A new era for Costa Rica’s Legislative Assembly?
The election of Costa Rica’s legislative directorate last week brought with it the creation of a new political bloc composed of the Citizen Action Party (PAC), the Social Christian Unity Party (PUSC) and the Broad Front Party (FA). That alliance will help significantly change the dynamic of Costa Rica’s legislative branch, analysts say.
On May 1, Henry Mora and Marcela Guerrero of PAC were elected Assembly president and vice president, respectively. Luis Alberto Vásquez and Jorge Rodríguez of PUSC were elected as first and second secretaries, respectively. And Nidia Jiménez and Laura Garro, of PAC, were elected undersecretaries.
Those elections were possible following an alliance between PAC, PUSC and FA after agreements were reached to prioritize specific policy issues. To win the directorate, PAC received votes from PUSC and FA, and after last-minute negotiating, obtained one more vote than the minimum needed to win. If that trend continues, it could be a positive sign for the country’s legislative politics.
“It is clear that we are entering a new era in national politics,” political analyst Alberto Cortés said. Multiparty negotiations are a sign of “a new dynamic.”
“The Assembly’s composition means it was essential to look for a multiparty composition of the directorate and seek broad agreement, and that’s what happened,” Cortés said.
Negotiations are crucial, he added, because the Assembly is now composed of representatives from nine parties, and no party has a simple majority.
Signs of consensus
On April 30, before the directorate election, PAC lawmakers signed individual agreements with the FA and PUSC. For Cortés, this alliance shows that the new lawmakers are responding to the public’s demand for a change in the political status quo.
“On the issue of social security, infrastructure and the reactivation of the economy, I think it’s going to be possible to reach agreements within this new bloc. And on some of the issues, it’s also going to be possible to include lawmakers outside the bloc,” Cortés said.
This week, parties agreed to begin working on a reform of the Development Bank Law, with discussion set to start by May 26. They also agreed to discuss reform of lawmakers’ salaries, a contentious issue in the last Assembly.
The PUSC agenda
According to agreements signed on April 30, PUSC will promote legislation that includes limits to public salary bonuses and pensions, public spending, and hiring at autonomous agencies. They also seek more autonomy for municipal governments.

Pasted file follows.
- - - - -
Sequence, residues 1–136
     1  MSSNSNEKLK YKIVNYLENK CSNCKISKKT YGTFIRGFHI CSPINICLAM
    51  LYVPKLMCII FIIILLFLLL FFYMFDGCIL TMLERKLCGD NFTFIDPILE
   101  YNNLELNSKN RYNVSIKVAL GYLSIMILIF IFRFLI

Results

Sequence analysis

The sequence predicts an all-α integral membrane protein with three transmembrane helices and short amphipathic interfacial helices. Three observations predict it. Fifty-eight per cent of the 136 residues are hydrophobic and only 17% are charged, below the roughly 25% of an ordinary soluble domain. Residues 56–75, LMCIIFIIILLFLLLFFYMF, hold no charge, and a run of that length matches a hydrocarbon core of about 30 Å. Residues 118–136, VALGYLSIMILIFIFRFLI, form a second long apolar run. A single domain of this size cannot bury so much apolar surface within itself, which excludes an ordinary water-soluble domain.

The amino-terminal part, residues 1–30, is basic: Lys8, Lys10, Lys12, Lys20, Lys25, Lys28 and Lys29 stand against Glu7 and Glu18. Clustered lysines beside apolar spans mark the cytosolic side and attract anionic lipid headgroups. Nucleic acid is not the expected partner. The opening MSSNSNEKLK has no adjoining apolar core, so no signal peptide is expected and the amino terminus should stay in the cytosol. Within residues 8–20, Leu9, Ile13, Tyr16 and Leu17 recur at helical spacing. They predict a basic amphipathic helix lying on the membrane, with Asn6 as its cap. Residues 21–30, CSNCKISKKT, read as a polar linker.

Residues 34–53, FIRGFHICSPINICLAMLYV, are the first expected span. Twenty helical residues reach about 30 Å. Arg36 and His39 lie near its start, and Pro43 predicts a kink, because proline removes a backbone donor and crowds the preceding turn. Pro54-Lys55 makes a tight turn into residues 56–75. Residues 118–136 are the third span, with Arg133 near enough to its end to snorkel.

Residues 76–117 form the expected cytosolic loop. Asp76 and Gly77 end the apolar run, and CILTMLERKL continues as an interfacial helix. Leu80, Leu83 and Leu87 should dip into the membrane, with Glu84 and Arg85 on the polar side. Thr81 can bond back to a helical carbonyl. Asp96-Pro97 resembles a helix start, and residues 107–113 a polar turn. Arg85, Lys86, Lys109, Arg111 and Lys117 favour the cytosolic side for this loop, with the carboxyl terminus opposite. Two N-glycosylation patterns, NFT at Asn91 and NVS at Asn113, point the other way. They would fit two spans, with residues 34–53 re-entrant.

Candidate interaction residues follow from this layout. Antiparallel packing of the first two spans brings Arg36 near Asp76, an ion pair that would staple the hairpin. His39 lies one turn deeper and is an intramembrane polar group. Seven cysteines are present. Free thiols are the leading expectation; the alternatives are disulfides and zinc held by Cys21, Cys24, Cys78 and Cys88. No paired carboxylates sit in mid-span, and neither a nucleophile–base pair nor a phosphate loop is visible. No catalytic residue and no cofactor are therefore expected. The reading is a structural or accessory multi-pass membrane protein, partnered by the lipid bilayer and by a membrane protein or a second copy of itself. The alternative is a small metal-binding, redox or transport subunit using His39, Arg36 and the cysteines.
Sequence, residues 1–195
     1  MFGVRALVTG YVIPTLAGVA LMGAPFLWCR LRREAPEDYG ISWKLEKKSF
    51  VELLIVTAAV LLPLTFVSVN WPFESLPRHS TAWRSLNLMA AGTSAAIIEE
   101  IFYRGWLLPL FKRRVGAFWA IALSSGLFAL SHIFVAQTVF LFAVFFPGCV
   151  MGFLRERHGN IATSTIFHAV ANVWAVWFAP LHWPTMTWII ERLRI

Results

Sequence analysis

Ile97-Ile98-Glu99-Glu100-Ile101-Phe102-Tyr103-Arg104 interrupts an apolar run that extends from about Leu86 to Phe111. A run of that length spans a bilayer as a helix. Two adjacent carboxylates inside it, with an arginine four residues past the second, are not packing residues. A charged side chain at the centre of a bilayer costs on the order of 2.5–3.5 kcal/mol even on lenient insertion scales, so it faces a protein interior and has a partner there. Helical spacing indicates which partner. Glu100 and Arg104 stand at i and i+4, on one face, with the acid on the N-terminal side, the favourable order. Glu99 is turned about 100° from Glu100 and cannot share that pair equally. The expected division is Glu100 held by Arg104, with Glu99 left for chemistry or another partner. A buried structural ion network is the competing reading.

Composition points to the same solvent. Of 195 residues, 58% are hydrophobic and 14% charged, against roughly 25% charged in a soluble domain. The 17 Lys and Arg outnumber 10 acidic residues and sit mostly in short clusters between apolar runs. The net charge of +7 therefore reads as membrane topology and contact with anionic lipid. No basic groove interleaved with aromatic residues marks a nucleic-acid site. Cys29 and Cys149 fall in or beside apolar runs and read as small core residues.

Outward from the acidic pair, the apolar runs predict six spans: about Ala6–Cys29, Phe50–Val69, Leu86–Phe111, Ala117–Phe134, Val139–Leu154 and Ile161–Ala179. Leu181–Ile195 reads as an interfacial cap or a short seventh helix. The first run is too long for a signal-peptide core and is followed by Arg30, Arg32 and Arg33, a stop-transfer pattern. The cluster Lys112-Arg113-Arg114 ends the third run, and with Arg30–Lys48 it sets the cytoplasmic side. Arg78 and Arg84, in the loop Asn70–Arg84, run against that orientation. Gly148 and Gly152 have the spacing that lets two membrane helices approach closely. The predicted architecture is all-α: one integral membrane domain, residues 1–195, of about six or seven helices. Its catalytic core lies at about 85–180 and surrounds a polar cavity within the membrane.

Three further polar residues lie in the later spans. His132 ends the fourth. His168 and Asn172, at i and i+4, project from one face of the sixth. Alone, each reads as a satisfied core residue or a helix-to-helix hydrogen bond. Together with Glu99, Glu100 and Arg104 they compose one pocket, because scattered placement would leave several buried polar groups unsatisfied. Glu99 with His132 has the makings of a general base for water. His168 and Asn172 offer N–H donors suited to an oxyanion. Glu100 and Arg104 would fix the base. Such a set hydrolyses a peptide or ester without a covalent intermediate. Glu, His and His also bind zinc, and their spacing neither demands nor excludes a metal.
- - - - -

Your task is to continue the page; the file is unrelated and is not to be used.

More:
Other items on the legislative agenda include financing the renovation and expansion of Route 32 from San José to Limón, and development of geothermal energy in the northwestern province of Guanacasete with financing from the International Cooperation Agency of Japan and the European Investment Bank.
Historian and analyst Vladimir De la Cruz said PUSC can become an important ally for the now-ruling party PAC, and former PUSC presidential candidate Rodolfo Piza, who served as president of the Costa Rican Social Security System, or Caja, during the administration of President Miguel Angel Rodríguez (1998-2002), could play an important role in the process.
“I don’t see [the alliance] as a bad thing. This is a successful result of Rodolfo Piza’s candidacy, and he has played a key role in reaching these agreements,” De la Cruz said.
The analyst said that although PUSC lawmakers have little legislative experience, they have good advisers.
The Broad Front Party also outlined its legislative agenda, which includes strengthening the Caja’s collections system, promoting coastal communities legislation, including water rights in the constitution, fighting corruption, and other issues.
Cortés said it is “logical” that FA will try to shift the legislative agenda further to the left of the political spectrum.
“I think the FA decided to bet on its agenda and not worry about the administrative side of joining the leadership. Where I do think we’ll be seeing them in positions of formal responsibility will be in the legislative commissions,” he said. “I think it’s a good bet, as it’s in the commissions where lawmakers decide which bills advance and which don’t.”
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